5. The driver circuit of claim 1 wherein said one of said out-of-phase input signals is coupled to the second current conducting electrode of said driver transistor.
6. The driver circuit of claim 1 wherein the other of said out-of-phase input signals is derived from said one out-of-phase input signal and a bootstrap inverter circuit.
7. A driver circuit including a plurality of field effect transistors, each having a gate and first and second current conducting electrodes, comprising:
first input node responsive to a first input signal;
second input node responsive to a second input signal;
an output node;
first and second serially connected field effect transistors connected between a source of supply potential and having their common connection connected to said output node;
a third field effect transistor having its first current conducting terminal connected to said first input node, its second current conducting terminal connected to the gate of said first field effect transistor and its gate coupled to the gate of said second field effect transistor;
a fourth field effect transistor having its first current conducting terminal connected to said second input node, its second current conducting terminal connected to the gate of said second field effect transistor and its gate coupled to said output node by a feedback path;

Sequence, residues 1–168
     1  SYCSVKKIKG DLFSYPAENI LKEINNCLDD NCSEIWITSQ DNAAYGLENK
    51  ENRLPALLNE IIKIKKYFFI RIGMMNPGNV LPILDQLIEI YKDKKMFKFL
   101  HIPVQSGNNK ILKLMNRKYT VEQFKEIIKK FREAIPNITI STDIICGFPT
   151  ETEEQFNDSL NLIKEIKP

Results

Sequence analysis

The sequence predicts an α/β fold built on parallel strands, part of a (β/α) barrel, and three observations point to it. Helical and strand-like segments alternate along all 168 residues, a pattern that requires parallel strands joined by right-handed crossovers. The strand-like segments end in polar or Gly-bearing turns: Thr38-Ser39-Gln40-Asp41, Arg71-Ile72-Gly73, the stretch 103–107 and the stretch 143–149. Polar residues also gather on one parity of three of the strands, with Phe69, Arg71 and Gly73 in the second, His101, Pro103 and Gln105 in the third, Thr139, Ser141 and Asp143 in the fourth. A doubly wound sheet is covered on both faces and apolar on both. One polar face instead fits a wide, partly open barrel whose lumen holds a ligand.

a fifth field effect transistor having its gate connected to the gate of said first field effect transistor and its first current conducting terminal connected to the gate of said second field effect transistor.
8. The circuit of claim 7 wherein the second current conducting terminal of said fifth field effect transistor is connected to said second input node.
9. The circuit of claim 7 further including an inverter circuit connected between said second input node and said first input node, whereby signals applied to said second input node are inverted and applied to said first input node.
10. The circuit of claim 7 further including a bootstrap stage comprising serially connected sixth and seventh field effect transistors, the gate of said sixth transistor being capacitively coupled to the common node between said sixth and seventh transistors, said gate also being connected to the gate of said first field effect transistor, and the gate of said seventh transistor being connected to the gate of said second field effect transistor.
11. The circuit of claim 10 further including enhanced capacitances between the first current conducting terminals of said third and fourth field effect transistors and their respective gates.
12. The circuit of claim 11 further including an eighth field effect transistor having its current conducting terminals serially connected in said feedback path and its gate connected to a fixed bias.
13. The circuit of claim 12 further including a ninth field effect transistor having its current conducting terminals connected between a fixed bias and the gate of said fourth field effect transistor and its gate connected to said output node.